About History in the HeadlinesCatch up on new discoveries, explore important anniversaries and get the history behind today's headlines.
- The John Wilkes Booth Mummy That Toured America
- WWII Aircraft Carrier Used in Atomic Bomb Tests Found Intact on Sea Floor
- In Reversal, Pearl Harbor Unknowns to Be Exhumed
- The Forgotten Story of America’s Titanic, 150 Years Ago
- Julius Caesar Suffered from Strokes, Not Epilepsy, New Study Says
- 8 Things You May Not Know About the Gallipoli Campaign
- 8 Things You Didn't Know About Catherine the Great
- 10 Things You May Not Know About the Lincoln Assassination
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This Day in History
From Cape Canaveral, Florida, Navy Commander Alan Bartlett Shepard Jr. is launched into space aboard the Freedom 7 space capsule, becoming the first American as…
Nearly 70 years after the Japanese attack on Pearl Harbor and the United States’ entry into World War II, Japanese-American soldiers receive the country’s highest civilian honor.
Today marks the 125th anniversary of the dedication of the Statue of Liberty, which took place on October 28, 1886.
A World War II flier thought to have been the last surviving Polish veteran of the Battle of Britain died last week at 97.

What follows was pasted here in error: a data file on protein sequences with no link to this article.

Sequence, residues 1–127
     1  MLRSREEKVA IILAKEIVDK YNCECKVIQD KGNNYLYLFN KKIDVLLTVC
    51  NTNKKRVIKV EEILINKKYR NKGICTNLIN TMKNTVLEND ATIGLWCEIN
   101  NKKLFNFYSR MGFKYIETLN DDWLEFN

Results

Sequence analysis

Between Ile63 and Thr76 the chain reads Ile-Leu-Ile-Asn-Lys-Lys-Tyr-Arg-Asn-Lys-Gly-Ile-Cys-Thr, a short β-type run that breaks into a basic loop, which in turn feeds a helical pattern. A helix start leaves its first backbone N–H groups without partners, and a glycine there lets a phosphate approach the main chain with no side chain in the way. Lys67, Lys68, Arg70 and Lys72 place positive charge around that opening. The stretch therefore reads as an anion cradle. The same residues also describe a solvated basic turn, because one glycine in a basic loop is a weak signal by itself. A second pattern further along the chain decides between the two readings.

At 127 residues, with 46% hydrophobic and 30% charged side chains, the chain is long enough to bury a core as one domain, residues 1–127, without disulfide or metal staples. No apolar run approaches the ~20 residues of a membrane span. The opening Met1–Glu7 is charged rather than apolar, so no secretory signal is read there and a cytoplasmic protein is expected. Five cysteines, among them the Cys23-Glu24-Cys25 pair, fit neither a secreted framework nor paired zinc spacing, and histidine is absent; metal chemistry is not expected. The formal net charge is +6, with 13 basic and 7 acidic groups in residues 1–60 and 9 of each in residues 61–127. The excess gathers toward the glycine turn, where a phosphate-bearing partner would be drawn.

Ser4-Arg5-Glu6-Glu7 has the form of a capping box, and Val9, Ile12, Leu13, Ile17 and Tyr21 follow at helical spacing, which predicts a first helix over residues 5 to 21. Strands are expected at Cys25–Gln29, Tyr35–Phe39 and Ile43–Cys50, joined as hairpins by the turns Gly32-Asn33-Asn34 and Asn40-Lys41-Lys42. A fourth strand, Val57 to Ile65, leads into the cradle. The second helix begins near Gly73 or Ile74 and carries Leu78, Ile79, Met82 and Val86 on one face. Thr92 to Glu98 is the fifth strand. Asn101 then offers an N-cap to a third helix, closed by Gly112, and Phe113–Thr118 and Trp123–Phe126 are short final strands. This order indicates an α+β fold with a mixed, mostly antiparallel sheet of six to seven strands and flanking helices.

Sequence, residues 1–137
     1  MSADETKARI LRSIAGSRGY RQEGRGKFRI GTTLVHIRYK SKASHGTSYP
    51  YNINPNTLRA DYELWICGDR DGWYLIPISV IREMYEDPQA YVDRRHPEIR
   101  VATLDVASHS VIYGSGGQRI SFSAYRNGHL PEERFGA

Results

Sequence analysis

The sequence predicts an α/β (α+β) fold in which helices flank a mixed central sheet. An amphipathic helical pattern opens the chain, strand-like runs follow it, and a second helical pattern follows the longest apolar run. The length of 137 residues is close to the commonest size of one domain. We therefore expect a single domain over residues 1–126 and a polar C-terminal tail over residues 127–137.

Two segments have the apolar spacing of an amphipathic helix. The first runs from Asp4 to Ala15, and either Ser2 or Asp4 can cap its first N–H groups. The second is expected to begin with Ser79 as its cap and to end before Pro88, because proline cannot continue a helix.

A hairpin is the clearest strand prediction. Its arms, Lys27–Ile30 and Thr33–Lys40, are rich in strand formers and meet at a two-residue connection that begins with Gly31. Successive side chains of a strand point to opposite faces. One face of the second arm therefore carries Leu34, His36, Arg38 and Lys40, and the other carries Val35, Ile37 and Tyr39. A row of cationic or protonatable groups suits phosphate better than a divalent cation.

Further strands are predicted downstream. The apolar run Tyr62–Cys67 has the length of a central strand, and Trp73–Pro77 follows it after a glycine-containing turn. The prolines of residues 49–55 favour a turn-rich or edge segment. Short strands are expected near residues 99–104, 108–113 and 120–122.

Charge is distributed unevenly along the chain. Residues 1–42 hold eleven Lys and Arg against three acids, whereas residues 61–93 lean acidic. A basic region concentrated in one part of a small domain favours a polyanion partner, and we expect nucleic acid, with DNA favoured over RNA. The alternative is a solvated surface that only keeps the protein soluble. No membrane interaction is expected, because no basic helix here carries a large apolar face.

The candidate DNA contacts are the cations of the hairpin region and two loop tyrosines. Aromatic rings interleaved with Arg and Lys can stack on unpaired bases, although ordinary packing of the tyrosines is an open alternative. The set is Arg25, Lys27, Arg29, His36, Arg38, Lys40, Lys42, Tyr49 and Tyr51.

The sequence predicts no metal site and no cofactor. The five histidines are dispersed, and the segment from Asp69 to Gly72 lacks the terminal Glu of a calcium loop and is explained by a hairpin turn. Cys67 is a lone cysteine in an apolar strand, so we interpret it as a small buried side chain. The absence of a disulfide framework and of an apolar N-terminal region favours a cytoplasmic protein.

On Wednesday, divers hauled an 8-foot-long, 2,000-pound cannon from the site where Queen Anne’s Revenge sank nearly 300 years ago.
Find out more about the museum and how you could win free passes to an upcoming conference and a stay in New Orleans.
NASA telescopes have shed light on how the traces of an exploded star traveled faster and further than expected.
For Mother-in-Law Day on Sunday, appreciate your mother-in-law even more than usual by reading these tales.
The face of a teenager who died 7,500 years ago has been brought back to life through methods that combine forensics and art.
British barristers and American attorneys debated whether the historic document amounted to treason.
As news of his death breaks, find out more about the ousted Libyan leader’s rise and fall.
The first intact Viking boat burial site to be found on the British mainland was discovered recently in Scotland, archaeologists announced.
Geologists are investigating whether tainted drinking water killed most of Jamestown’s colonists during the “starving time” of 1609-1610.
A recent discovery suggests that early humans engaged in sophisticated behaviors such as making paint earlier than previously thought.